Responding to an Employee’s Arrest

While an arrest may lead to a charge or conviction, it is not the same. An arrest does not prove that one’s conduct was criminal in nature. An individual is innocent until proven guilty. However, the act of the arrest itself should be investigated to determine what, if any, action against the employee is warranted.

The Equal Employment Opportunity Commission (EEOC) has guidelines to assist employers when reviewing arrest or conviction records. While the EEOC does not have the authority to stop employers from getting arrest or conviction records, they do offer guidelines to ensure the information is not used in a discriminatory manner. CLICK HERE (opens in a new window) to review the EEOC guidelines.

Human Resources should be made aware of the arrest as soon as possible in order to begin their investigation process.

Several factors to consider during the investigation are:

  • How did you learn of the arrest?
  • Is this a reliable source?
  • Does the news affect the reputation of the company?

Make sure your source is valid. Hearing about an arrest on social media or around the water cooler may or may not be truthful or provide accurate information. Confirming the source is the first step in determining the course of action.

  • Will this arrest result in an absence from work? If so, for how long?
  • Do you allow employees to use PTO for this type of incident?

Review your attendance policy. If the arrest leads to incarceration, you’ll need to determine if the time away from work will exceed your attendance requirements.

  • Can you relate the arrest to the employee’s job?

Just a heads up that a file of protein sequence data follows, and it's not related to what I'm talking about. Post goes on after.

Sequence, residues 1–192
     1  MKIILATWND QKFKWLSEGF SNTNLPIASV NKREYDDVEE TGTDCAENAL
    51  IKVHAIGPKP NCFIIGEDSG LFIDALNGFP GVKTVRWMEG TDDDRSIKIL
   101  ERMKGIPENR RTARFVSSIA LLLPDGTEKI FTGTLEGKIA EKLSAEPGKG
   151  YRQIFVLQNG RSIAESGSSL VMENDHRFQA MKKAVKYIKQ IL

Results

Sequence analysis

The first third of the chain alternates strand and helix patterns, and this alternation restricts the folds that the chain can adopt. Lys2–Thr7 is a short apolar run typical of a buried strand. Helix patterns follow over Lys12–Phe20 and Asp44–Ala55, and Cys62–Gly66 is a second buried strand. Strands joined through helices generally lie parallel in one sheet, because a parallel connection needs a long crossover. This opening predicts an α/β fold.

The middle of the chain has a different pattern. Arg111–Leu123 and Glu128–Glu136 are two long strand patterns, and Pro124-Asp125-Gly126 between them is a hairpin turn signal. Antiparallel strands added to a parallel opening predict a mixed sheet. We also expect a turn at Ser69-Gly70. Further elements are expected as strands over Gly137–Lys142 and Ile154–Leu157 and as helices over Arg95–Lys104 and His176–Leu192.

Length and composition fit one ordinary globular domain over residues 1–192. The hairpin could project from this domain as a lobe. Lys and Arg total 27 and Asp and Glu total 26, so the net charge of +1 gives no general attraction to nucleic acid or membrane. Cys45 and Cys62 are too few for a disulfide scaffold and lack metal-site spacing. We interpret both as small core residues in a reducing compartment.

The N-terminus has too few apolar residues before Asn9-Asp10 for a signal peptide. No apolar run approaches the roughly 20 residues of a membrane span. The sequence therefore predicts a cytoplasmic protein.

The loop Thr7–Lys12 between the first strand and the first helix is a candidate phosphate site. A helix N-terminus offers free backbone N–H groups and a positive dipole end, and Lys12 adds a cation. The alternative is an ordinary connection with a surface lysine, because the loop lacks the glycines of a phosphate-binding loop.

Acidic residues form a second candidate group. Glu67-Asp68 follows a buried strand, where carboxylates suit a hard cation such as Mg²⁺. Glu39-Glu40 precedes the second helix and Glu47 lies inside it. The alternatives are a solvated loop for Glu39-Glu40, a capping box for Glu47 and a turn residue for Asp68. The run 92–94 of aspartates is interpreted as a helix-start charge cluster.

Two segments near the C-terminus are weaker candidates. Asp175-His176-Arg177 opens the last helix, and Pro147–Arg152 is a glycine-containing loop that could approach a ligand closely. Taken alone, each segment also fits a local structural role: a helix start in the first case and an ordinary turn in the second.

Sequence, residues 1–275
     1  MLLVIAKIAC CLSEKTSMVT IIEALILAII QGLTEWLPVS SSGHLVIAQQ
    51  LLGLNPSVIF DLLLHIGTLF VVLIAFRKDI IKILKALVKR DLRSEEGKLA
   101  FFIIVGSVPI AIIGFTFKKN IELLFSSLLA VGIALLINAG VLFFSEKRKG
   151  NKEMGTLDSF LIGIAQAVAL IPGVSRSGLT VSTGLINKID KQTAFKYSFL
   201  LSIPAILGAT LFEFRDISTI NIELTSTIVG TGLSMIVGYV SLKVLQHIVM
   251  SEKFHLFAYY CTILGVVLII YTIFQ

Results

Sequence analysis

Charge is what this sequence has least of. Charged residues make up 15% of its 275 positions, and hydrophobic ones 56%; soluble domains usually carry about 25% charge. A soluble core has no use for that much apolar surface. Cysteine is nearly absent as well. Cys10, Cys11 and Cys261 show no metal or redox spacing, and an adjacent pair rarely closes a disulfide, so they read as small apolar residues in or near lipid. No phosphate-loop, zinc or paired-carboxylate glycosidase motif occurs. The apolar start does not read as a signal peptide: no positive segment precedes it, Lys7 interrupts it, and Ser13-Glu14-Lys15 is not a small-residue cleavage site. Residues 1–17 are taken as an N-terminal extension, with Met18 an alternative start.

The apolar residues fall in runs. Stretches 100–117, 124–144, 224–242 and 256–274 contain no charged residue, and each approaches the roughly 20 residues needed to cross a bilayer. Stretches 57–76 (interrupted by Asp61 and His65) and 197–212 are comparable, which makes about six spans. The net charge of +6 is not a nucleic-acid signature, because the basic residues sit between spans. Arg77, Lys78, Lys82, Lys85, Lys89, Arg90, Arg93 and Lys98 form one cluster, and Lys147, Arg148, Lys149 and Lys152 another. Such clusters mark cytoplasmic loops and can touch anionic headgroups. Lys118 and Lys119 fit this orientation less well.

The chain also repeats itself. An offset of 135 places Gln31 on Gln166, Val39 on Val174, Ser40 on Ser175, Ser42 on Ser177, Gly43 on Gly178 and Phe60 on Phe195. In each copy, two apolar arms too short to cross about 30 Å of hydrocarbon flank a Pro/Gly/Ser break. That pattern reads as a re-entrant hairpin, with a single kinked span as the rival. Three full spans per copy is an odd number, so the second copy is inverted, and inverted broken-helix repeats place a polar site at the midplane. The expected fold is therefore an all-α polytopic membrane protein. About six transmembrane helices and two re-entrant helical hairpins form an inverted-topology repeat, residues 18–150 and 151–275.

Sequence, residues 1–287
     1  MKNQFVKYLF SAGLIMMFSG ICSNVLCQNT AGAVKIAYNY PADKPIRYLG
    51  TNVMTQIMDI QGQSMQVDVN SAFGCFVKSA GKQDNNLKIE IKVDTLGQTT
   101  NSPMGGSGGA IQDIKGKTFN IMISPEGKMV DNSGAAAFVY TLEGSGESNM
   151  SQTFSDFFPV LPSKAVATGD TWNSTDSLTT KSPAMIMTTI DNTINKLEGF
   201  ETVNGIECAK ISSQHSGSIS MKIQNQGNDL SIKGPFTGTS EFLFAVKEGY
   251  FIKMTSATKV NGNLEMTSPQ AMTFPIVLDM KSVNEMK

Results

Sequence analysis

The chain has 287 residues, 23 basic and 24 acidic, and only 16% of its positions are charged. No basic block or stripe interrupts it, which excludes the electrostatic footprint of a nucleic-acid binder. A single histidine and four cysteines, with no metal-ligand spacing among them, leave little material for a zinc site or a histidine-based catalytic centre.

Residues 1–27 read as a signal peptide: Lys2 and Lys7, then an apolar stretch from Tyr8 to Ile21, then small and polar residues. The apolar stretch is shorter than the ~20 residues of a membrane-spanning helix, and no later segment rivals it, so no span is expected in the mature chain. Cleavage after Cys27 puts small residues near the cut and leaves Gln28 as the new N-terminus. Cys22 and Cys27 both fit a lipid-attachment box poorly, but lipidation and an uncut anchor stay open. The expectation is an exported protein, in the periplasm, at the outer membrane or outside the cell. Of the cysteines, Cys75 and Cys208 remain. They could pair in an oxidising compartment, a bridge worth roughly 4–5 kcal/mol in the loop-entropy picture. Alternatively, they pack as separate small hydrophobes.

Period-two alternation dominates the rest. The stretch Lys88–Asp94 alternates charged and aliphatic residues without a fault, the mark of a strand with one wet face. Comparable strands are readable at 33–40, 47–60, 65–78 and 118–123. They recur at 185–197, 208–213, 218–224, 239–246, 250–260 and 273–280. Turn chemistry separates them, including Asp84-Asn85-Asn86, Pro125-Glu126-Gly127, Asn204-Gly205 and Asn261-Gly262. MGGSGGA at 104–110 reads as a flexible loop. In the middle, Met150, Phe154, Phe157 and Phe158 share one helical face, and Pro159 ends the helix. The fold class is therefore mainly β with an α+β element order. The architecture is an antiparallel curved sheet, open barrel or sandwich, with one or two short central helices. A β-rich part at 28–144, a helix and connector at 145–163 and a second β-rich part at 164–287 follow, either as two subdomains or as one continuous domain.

• Will the arrest affect a certification or license that the employee holds?
    • Can you continue to employ the employee if such certification or license is suspended or revoked?
    • Is the employee’s position safety sensitive or include working with children or money?
  • Does the nature of the arrest violate a workplace policy, such as:
    • Code of Conduct
    • Drug-Free Workplace
    • Harassment

If any of this information can be connected to the employee’s position at the company or includes actions that violated a policy and the result would have been disciplinary action without an arrest or conviction, follow your normal positive discipline procedures, which may include termination. CLICK HERE (opens in a new window) to review the EEOC guidelines on The Nature of the Job Held or Sought.

  • Get as many details about the arrest from the employee as possible.
  • Records of arrest are public knowledge and can be searched online.
  • Use a third-party to conduct a background check (subject to the Fair Credit Reporting Act).

If you believe you’ll need time to process the information, you may suspend the employee, generally without pay, until your investigation is complete. Once you are aware of the details of the event, you can better determine how to proceed. The more information that is discovered, the easier it will be for you to make a decision about the employee’s continued employment.

An employee’s arrest may not warrant immediate termination. Perform a thorough investigation and decide on the consequences once you have reviewed all the facts.

See all of the EEOC guidelines on Consideration of Arrest and Conviction Records in Employment Decisions Under Title VII of the Civil Rights Act of 1964.

Should you have such a situation, members can call EAF and we can help you think this through, weigh the options, and mitigate your risk to the business.


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